These adorable astrophytum seedlings are now 3 months old. Not all of them grow at the same pace. This one seedling is miles ahead of its brothers and sisters.
These seed grown 3,5 years old Mammillaria plumosa are now bigger than my hand. They’re currently staying in a 15 cm pot, but it won’t be long before they need an even bigger pot. This is the fastest growing cactus I have ever grown from seeds. There are actually two plants in there. The big bulb on the second picture (top right near the white string hanging from the wall) is the brother of the big mass that turned out to be the faster growing seedling.
I wonder how big this plant is going to get.
I found these seed packets with Stapelia gigantea and Selenicereus grandiflorus a month ago and decided to give it a try. I don’t think the Stapelia seeds will germinate, because I couldn’t keep the seeds from being overtaken by black mold, even after a good hydrogen peroxide soak. The Selenicereus grandiflorus are doing okay right now. A month after germination, a couple of them have grown these little spikes and they’re adorable!
Selenicereus grandiflorus are known for their huge, beautiful flowers, but the plants themselves can be kind of bland. This is why I love cacti, though. They can blend in with the background, sometimes even be downright ugly for years, but when they finally decide to bloom, they’re magnificent. Even if the flower only lasts for one day.
Look how adorable my little CO x OR hybrids are today! They’re like little fluffy stars.
I recently took them out of the little greenhouse, I kept them in. Some of the old seed shells started to grow some sort of white fungus, which would have killed the nearby seedlings very quickly if I hadn’t removed the top of the greenhouse. Astrophytum seedlings are notorious for dying from damping off, so maybe it was about time I introduced them to lower humidity.
Right now I keep the soil from drying out by watering a couple of times a week. They’re still under grow lights and probably will be until next spring. They’re still way too small to experience the late summer sun.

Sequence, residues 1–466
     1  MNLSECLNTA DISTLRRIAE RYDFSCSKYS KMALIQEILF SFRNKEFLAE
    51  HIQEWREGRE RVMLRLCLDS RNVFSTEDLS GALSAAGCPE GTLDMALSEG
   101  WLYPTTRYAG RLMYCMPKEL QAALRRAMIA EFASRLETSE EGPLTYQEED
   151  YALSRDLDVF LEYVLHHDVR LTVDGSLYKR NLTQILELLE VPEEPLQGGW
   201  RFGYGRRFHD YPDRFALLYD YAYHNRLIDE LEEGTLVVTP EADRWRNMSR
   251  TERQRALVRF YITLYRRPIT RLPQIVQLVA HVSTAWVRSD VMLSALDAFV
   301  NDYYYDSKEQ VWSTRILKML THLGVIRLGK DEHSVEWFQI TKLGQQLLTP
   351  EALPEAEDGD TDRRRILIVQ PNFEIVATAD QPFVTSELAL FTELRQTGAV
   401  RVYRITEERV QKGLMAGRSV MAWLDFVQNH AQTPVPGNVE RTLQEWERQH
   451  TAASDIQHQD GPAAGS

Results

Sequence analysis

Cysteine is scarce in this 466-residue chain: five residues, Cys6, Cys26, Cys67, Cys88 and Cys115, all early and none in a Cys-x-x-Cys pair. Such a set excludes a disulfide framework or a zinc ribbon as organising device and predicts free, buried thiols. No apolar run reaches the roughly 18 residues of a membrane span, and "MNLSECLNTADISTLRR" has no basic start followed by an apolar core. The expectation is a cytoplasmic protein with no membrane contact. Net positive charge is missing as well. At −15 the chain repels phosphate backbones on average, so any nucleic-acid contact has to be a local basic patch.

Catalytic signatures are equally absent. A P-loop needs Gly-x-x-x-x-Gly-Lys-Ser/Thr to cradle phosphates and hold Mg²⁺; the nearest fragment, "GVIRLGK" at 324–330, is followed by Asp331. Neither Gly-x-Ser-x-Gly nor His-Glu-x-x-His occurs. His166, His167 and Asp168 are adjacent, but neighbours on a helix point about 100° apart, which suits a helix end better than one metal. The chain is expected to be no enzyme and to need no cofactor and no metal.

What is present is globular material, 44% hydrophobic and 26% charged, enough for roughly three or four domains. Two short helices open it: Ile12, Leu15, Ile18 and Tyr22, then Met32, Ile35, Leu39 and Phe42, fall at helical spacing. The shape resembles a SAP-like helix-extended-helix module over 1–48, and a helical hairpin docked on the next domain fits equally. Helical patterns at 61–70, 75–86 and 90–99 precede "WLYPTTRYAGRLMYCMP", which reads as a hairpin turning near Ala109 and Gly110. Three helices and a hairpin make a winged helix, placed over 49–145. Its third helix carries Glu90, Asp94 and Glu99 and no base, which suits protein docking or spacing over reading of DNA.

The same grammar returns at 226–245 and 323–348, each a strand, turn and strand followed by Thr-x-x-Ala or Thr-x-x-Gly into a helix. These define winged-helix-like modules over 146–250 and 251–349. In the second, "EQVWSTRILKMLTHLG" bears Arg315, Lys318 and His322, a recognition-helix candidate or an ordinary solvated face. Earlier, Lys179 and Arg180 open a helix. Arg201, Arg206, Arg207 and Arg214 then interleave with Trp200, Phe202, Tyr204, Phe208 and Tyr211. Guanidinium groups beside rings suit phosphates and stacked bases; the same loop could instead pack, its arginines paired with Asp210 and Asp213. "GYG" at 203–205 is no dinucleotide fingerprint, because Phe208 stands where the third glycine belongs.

I’ve been waiting for my Hildewintera colademononis to bloom since 2017 when I bought them as small unrooted cuttings. When I bought them, each of the cuttings were no larger than a pinky.
I really like this cactus, probably even more than most of my other cacti. I’m just a really big fan of hanging plants, especially when they don’t have to be grown indoors to thrive.
This Hildewintera loves whatever you throw at it. It loves a good amount of water in summer and also to be kept completely dry in winter. It does stretch if it’s placed in less than ideal lighting and it can burn if given too much direct sun. The placement I chose for it on my balcony seems to be perfect, with direct afternoon sun and indirect light the rest of the day in summer. In winter, when the sun hangs lower in the sky, it gets (weak) direct light all day.
Little fuzzy ribs are starting to form and the spines already went from white and transparent to dark brown. I remember my Astrophytum myriostigma seedlings being less hairy than these CO x OR seedlings are right now. I think this means that the coahuilense genes are present and the cross pollination was a success!
Look how massive my seed grown Astrophytum myriostigma is now! I’m such a proud plant mom. This is the biggest of the three plants and it seems to grow at a much faster pace than its siblings.
I don’t have too much to say about this one. It’s just perfect in every way!
My Astrophytum CO x OR seedlings are very much still alive. Most of the seedlings have now developed little fluffy haircuts and short, white spines. The grow lights are doing their job keeping the seedlings from etiolating. I may have placed them a little bit too close to the lights because some of them are a tiny bit too red or brown. I’ve lost exactly 0 seedlings so far, so I think the lighting situation is going to be okay.
Maybe it was the new pot or maybe it happened because I started to fertilize. But the Sulcorebutia rauschii exploded with growth in spring and especially here in summer.
I love this one because of its color and because they grow in big clusters, filling out the entire pot in no time. A couple of years ago I saw one in a garden center labeled as “rare cactus”. The cluster was just about the size of mine and it cost DKK 300 ($40). I bought mine as a mini-plant with only one head for DKK 25 ($3) in 2017. I’m glad I didn’t buy it back when I first saw it.
There’s fluff on the CO x OR seedlings already after 2 weeks, and also tiny transparent spines. It’s nice to see them grow this fast without any casualties. They probably inherited the hardiness of the Astrophytum ornatum.